The Best Kayak Fishing Accessories to Land Your Catch
Kayak fishing has become increasingly popular among outdoor enthusiasts and more rapidly since the outdoor recreation upspring of 2020. The reasons are varied, but among them are cost, convenience, and capability. The expense of owning a motorized fishing boat is not feasible for many. Plus, a kayak is easier to transport than those larger boats. And third, a kayak gives you fishing opportunities in many areas a traditional boat can’t go. Once you have your rig, you’ll want the right tools onboard. Trust these kayak fishing accessories to help you land a trophy.
Best Kayak Fishing Accessories
The Expert: I am an avid outdoors enthusiast who enjoys just about any outdoor-related sport that doesn’t involve a ball. Living in Alabama means I can hunt and fish year-around. I am a successful and skilled hunter, but I’m still honing my fishing skills with the help of an excellent mentor. My mentor, Richard, has a lifetime of experience fishing waterways of all types. When I brought up the idea of getting into kayak fishing, I didn’t have to do any convincing. He had already started marking areas on a map that he was hoping to go kayak fishing. He and other kayak anglers lent their expertise to this article, too.
How to Buy the Right Fishing Kayak for You
When you decide to delve into kayak fishing, you’ll need to consider what type of water you will typically fish, which kayak propulsion system will be best, and how you will transport your boat. Let’s break these factors down.
Fishing Location Dictates Boat Design
The type of water you plan to fish in determines the best kayak style for your needs. Unlike a recreational kayak, the length, width, and hull style of a fishing kayak are much more critical. A longer kayak requires less steering correction when moving forward, especially in waters with a current or tide. The width of a kayak is vital to the craft’s stability. A wider kayak is slower but provides stability for you to stand or maneuver within the boat.
Hull shape is an essential feature of a fishing kayak and should be considered a priority, even over length and width. W-shaped and V-shaped hulls are the two most favorable designs for kayak anglers. A W-shaped, or tri-hull, design offers superior stability in slow-moving rivers, lakes, and deep water. A V-shape hull sacrifices stability to provide the best tracking and speed.
There are three types of propulsion available in kayaks: paddle, pedal, and power-propelled. Your budget might be the defining factor in this feature, but don’t let that be the only factor you consider. A paddle-style kayak is typically the lightest of the three styles. You get a bit more storage capacity but must use your hands to paddle the oars and steer, so you won’t be able to hold a fishing rod simultaneously.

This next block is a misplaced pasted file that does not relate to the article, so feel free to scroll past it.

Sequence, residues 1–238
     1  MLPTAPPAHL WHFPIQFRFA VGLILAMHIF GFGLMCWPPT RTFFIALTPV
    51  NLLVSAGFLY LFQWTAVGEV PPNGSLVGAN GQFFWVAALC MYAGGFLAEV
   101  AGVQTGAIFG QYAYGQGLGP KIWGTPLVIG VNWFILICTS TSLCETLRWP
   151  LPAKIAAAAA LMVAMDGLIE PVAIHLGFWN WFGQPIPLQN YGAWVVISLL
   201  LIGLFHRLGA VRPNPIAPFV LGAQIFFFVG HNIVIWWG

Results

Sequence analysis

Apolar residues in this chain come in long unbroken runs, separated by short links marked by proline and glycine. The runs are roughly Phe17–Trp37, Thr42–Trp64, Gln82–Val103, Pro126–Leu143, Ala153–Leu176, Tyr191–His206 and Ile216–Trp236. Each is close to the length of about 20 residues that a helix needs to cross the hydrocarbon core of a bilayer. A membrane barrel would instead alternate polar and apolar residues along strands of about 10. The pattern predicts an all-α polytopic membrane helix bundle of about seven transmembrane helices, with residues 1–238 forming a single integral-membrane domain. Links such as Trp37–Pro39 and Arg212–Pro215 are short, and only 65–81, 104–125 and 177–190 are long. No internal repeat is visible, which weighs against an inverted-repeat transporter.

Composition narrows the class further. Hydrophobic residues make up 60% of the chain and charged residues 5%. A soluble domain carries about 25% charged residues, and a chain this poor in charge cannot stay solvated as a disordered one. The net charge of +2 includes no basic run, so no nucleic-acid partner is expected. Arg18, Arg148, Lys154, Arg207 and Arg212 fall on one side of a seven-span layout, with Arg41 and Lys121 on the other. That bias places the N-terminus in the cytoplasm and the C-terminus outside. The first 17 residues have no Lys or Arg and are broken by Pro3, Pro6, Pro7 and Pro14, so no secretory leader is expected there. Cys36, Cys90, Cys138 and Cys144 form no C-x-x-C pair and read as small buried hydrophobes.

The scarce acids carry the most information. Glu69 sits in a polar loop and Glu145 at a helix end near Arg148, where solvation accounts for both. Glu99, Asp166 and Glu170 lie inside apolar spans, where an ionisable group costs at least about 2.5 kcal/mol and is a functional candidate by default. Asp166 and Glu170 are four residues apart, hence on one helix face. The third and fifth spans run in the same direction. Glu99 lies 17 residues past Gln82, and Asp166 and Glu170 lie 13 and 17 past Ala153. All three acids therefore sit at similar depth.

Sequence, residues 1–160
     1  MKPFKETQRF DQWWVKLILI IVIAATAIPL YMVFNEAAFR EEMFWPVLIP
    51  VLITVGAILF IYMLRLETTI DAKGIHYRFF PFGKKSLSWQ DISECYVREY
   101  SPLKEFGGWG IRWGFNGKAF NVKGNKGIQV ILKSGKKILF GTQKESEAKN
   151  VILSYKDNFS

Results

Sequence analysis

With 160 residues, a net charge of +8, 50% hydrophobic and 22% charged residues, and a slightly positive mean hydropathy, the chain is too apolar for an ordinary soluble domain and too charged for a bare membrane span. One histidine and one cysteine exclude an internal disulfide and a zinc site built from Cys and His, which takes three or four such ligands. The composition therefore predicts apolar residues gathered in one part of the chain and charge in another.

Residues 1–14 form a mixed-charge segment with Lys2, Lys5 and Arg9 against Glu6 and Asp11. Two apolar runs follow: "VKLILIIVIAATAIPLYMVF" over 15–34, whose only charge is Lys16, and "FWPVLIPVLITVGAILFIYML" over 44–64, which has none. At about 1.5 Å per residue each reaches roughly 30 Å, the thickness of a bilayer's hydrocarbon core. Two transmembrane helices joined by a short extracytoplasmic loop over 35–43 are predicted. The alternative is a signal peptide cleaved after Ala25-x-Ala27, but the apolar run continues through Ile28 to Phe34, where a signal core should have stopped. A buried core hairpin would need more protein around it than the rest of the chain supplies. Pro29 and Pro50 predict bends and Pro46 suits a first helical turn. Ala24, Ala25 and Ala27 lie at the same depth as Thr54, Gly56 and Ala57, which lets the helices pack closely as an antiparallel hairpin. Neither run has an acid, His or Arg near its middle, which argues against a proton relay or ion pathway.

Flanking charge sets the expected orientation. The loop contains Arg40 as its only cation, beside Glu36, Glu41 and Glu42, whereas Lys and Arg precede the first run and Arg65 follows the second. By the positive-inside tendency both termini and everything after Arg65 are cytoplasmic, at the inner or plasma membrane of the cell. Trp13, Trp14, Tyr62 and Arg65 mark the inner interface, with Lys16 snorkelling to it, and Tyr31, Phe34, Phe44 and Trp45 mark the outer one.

The pedal-style craft offers hands-off propulsion, thanks to a pedal unit with a propeller below the craft. For transport and in extremely shallow water, this unit conveniently lifts out of the water. The big advantage of this style is you can spend more time with a rod in your hands, but expect a heavier and more expensive kayak. A paddle or push pole lets you navigate in the shallows.
A kayak equipped with a trolling motor is ideal for the angler who plans to spend many hours on vast waterways. The powered kayak requires more battery storage capacity and is usually the heaviest and expensive of the three types.
The best way to transport a kayak depends on what kind of vehicle you drive and your budget. There are roof-mounted racks for cars and smaller SUVs, truck bed mounts for larger trucks, and a variety of trailers for single to multiple kayaks. You can usually add storage for extra gear to trailers, if needed. If you decide on roof or truck bed racks, you might also need a two-wheel trolley to get the kayak from your vehicle to the water by yourself.
Gearing up Your Fishing Kayak
After selecting the best fishing kayak for you, you’ll then need to gear it up for your personal fishing needs and style. Some items are required by state law, so always check your state’s regulations.
Outside of the items required—a paddle, personal floatation device (PFD), and navigation light are universal musts—several kayak anglers I asked recommend having at least a tackle storage option, various smaller tackle boxes, tethers for rods and loose items, battery power, and a compact landing net. As you gain experience, you can continue to tweak your setup. Thanks to several companies that are dedicated to kayak recreation and fishing, quality kayak fishing accessories are available in all price ranges to meet everyone’s budget.
How I Evaluated
To recommend the best kayak fishing accessories and the best fishing kayak, I researched many options online, attended trade shows, visited local kayak dealers, talked with representatives of various brands, and reached out to kayak owners. I excluded gear such as rods, reels, lures, and other tackle items because the best ones aren’t dictated by whether you’re casting from a kayak. Keeping in mind that everyone has different budgets and fishing needs, I suggest you invest in the highest quality product that your budget allows, which always saves you in the long run by not having to upgrade. It doesn’t necessarily mean buying only the top-shelf product but looking for quality in every product you purchase. Ultimately, my recommendations are based not only on my research, wants, and needs, but also on consumer reviews, product ratings, and suggestions from amateur and professional kayak anglers.
Fishing from a kayak requires the right gear. Trust these expert-recommended kayak fishing accessories to help you land your catch.